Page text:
Meyerhold, Vsevolod (fəsyĕˈvəlŭt mēˈûrhōlt) [key], 1874–1940?, Russian theatrical director and producer. Meyerhold led the revolt against naturalism in the Russian theater. Working with the Moscow Art Theater, he experimented with his own directing ideas until the outbreak of the Revolution. Meyerhold was a member of the Bolshevik party, and as head of theatrical activities for the state he directed the first theater to specialize in Soviet plays. He was among the earliest advocates of the theater of the absurd. In his avant-garde productions he employed various grotesque elements, pantomimes, and acrobatics, emphasizing the plays' visual, nonverbal aspects. He produced Bolshevik propaganda dramas, using bare constructivist settings and formalized scenery, and eliminating the curtain. Meyerhold directed his actors according to his principle of "biomechanics," reducing the actors' individual contributions to a minimum, in the interests of the play as a whole. His work eventually became unprofitable, and the state discontinued his subsidy. He was an outspoken opponent of socialist realism. A victim of the Soviet purges, Meyerhold died under circumstances that remain unclear; the date of his death is open to question.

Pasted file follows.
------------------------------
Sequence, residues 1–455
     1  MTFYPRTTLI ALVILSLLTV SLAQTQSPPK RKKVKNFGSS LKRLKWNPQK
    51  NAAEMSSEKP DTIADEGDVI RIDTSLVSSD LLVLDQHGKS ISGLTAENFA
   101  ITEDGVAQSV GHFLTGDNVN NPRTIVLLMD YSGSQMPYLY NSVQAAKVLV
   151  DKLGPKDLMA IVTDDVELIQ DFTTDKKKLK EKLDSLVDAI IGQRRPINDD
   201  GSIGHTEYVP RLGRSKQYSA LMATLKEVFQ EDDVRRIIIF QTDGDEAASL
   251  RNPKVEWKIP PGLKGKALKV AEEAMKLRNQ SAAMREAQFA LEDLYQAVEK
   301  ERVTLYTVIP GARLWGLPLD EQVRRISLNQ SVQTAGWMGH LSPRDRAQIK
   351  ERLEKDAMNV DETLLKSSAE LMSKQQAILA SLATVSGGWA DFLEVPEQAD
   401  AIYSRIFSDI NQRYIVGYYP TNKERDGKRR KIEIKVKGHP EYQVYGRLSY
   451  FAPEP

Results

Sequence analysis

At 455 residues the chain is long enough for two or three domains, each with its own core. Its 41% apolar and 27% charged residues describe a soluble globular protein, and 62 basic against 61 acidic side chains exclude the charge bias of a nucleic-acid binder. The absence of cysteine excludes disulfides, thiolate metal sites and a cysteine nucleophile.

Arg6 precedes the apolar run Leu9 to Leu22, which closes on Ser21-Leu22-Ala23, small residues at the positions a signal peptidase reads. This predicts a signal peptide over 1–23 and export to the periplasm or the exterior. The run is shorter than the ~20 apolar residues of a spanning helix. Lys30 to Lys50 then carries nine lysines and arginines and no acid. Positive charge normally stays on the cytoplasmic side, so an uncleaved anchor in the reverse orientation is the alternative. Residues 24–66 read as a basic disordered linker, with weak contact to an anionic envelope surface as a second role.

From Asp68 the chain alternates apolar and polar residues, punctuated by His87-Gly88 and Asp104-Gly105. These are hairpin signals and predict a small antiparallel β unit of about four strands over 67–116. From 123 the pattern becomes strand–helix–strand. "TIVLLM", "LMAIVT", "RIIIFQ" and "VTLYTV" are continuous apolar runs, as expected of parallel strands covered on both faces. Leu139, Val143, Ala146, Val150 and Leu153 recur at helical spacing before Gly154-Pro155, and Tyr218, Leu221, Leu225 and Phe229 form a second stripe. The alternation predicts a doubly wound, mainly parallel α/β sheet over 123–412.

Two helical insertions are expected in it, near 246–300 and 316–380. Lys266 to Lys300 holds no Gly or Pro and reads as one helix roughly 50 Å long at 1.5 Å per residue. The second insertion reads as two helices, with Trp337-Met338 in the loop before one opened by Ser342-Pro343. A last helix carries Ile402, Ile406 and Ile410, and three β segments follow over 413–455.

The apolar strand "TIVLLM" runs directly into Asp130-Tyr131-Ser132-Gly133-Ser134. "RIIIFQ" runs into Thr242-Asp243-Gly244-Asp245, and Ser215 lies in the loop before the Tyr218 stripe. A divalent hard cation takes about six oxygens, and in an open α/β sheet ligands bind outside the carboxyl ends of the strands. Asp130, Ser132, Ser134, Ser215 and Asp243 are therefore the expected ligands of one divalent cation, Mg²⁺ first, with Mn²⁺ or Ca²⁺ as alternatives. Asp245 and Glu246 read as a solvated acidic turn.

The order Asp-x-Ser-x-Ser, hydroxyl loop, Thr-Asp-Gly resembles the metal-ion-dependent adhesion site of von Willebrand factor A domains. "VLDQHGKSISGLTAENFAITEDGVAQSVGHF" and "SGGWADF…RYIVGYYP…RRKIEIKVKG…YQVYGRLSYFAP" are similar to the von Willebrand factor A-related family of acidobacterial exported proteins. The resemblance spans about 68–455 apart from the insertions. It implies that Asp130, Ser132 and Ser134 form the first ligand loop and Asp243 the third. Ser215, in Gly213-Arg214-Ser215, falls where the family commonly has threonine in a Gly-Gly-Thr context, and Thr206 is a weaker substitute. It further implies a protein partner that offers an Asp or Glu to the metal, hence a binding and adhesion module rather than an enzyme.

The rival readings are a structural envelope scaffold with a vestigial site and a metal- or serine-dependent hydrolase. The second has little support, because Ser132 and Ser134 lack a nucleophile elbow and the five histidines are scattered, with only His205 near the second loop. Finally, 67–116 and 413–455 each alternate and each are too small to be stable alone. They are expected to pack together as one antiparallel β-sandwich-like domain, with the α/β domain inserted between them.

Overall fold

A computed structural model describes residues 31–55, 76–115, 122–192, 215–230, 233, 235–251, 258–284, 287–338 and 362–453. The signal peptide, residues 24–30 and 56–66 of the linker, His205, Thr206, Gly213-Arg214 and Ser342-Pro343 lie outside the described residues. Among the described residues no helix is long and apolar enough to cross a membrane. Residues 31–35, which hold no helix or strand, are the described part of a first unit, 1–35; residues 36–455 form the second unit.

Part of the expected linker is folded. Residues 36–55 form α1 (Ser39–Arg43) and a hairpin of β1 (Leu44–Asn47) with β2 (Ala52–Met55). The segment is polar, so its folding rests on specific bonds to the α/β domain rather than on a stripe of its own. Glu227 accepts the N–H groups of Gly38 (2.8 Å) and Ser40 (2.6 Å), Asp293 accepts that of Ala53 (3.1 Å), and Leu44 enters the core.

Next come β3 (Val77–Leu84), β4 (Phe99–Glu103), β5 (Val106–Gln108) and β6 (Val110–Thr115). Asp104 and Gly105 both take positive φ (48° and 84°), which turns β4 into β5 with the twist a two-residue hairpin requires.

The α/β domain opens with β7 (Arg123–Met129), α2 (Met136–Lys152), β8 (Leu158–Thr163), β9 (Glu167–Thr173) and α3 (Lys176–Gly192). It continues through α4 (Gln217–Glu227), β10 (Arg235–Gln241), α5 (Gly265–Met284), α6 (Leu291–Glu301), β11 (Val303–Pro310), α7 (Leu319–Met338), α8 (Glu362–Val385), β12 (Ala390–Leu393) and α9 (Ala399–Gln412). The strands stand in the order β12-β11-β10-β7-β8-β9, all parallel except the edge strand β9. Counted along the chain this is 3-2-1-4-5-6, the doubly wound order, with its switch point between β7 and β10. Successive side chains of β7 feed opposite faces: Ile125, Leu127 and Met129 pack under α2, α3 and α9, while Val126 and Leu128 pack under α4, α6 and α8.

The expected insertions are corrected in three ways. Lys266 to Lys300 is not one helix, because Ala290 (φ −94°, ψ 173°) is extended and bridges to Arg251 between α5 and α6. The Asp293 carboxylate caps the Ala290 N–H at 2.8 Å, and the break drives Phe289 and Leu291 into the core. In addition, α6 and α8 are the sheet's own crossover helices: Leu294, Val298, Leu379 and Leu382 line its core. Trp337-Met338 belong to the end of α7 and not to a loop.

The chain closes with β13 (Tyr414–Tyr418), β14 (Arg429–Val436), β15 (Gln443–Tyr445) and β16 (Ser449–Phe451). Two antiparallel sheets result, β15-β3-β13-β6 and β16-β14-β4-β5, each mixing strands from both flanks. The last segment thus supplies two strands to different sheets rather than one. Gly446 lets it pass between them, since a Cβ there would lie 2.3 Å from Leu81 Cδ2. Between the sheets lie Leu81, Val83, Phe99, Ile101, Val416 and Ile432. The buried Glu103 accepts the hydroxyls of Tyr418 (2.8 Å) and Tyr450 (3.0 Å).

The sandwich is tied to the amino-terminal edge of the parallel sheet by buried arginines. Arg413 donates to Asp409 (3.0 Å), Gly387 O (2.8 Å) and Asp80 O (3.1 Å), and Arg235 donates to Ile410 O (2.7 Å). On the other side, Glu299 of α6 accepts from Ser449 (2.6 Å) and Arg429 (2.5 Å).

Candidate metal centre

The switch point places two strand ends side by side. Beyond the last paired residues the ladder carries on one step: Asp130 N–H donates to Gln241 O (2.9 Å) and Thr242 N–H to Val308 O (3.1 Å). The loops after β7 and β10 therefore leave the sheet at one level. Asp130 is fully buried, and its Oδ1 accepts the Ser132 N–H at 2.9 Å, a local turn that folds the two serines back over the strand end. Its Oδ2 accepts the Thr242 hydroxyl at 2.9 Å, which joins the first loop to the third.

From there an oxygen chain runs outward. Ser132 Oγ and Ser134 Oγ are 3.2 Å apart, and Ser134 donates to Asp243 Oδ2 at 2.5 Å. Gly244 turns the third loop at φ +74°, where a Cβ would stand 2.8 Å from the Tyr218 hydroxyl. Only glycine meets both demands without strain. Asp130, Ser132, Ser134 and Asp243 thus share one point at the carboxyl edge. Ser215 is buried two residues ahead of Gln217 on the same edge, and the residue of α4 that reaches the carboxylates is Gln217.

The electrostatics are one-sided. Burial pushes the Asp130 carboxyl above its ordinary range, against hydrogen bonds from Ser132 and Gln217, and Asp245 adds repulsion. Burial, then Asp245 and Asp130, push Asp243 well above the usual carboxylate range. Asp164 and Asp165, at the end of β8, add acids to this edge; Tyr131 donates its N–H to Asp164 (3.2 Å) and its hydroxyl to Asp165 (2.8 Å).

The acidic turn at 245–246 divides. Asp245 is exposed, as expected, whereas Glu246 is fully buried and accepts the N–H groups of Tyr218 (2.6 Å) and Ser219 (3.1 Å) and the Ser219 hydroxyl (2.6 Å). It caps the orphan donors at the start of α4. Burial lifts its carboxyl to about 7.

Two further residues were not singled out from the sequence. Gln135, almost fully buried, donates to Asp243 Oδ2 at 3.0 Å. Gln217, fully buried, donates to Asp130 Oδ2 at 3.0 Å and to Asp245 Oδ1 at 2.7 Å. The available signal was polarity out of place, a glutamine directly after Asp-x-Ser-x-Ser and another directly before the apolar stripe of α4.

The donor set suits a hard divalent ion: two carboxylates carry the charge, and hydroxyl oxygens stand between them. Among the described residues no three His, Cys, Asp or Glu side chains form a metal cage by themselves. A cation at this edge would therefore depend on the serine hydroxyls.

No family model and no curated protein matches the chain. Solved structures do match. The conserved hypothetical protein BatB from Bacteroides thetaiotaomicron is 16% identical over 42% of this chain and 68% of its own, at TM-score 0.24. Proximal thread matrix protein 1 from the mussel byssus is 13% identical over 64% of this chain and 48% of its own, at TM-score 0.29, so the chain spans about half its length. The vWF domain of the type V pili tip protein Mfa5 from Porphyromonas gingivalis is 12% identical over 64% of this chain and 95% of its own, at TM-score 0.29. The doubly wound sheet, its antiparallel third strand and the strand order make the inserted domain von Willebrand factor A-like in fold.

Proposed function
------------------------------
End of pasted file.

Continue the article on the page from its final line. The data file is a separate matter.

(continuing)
See Meyerhold on Theater, ed. by E. Braun (1969); biography by M. L. Hoover (1974); J. M. Symons, Meyerhold's Theatre of the Grotesque (1971).